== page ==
Monthly GDP Index falls 0.1% in October 2017

The Monthly GDP Index slipped 0.1% in October. This followed a 0.1% increase in September that was revised higher by one-tenth. The slight decline in October reflected a decline in net exports that was partially offset by modest increases in domestic final sales and nonfarm inventory investment. The level of GDP in October was only 0.3% above the third-quarter average at an annual rate. Implicit in our latest tracking forecast of 2.5% GDP growth in the fourth quarter is a solid, 0.7% increase in monthly GDP in November, driven by increases in inventory investment and net exports.

The Monthly GDP Index is consistent with the NIPA's for two reasons. First, MGDP is calculated using much of the same underlying monthly source data that is used in the calculation of GDP. Second, the method of aggregation to arrive at MGDP is similar to that for official GDP. Growth of MGDP at the monthly frequency is determined primarily by movements in the underlying monthly source data, and growth of MGDP at the quarterly frequency is nearly identical to growth of real GDP.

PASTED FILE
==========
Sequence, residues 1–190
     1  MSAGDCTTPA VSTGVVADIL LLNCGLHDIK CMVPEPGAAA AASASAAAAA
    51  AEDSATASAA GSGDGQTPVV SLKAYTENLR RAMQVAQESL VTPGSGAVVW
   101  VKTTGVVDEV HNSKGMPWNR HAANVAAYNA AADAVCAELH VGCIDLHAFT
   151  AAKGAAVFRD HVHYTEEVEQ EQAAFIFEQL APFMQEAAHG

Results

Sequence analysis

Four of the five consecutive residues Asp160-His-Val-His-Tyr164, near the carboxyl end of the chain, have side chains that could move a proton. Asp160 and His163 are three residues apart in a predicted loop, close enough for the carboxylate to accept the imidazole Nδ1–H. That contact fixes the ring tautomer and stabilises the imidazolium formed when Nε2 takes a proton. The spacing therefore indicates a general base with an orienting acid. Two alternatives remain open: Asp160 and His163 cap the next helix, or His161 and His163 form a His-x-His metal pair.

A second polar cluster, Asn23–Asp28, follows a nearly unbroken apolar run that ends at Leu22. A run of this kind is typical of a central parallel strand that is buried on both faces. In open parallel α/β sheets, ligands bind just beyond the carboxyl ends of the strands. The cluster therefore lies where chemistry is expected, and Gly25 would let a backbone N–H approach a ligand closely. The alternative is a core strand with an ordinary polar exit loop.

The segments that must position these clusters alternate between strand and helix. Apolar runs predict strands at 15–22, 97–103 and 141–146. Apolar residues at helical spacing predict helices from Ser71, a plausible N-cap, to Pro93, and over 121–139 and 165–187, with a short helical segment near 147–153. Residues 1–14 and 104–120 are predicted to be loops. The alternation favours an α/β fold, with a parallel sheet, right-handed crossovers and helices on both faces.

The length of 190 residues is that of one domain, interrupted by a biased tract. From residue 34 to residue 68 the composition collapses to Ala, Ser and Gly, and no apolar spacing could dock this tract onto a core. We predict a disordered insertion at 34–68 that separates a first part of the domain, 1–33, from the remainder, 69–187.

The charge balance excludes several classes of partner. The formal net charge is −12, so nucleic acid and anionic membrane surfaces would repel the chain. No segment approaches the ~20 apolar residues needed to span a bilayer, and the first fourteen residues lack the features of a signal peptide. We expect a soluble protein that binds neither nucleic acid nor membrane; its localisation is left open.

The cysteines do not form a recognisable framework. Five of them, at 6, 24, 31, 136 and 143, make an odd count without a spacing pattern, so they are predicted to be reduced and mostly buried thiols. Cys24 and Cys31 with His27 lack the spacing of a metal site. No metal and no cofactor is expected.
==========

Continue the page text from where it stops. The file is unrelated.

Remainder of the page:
Macroeconomic Advisers by IHS Markit's index of Monthly GDP (MGDP) is a monthly indicator of real aggregate output that is conceptually consistent with real Gross Domestic Product (GDP) in the National Income and Product Accounts.

Blog co-authors:
Chris G. Christopher, Jr. is the Executive Director of US Macro, Global Economics, and Consumer Markets for IHS Markit.
Ben Herzon is an Executive Director at Macroeconomic Advisers by IHS Markit.
Kathleen Navin is a Director at Macroeconomic Advisers by IHS Markit.
Posted 28 November 2017


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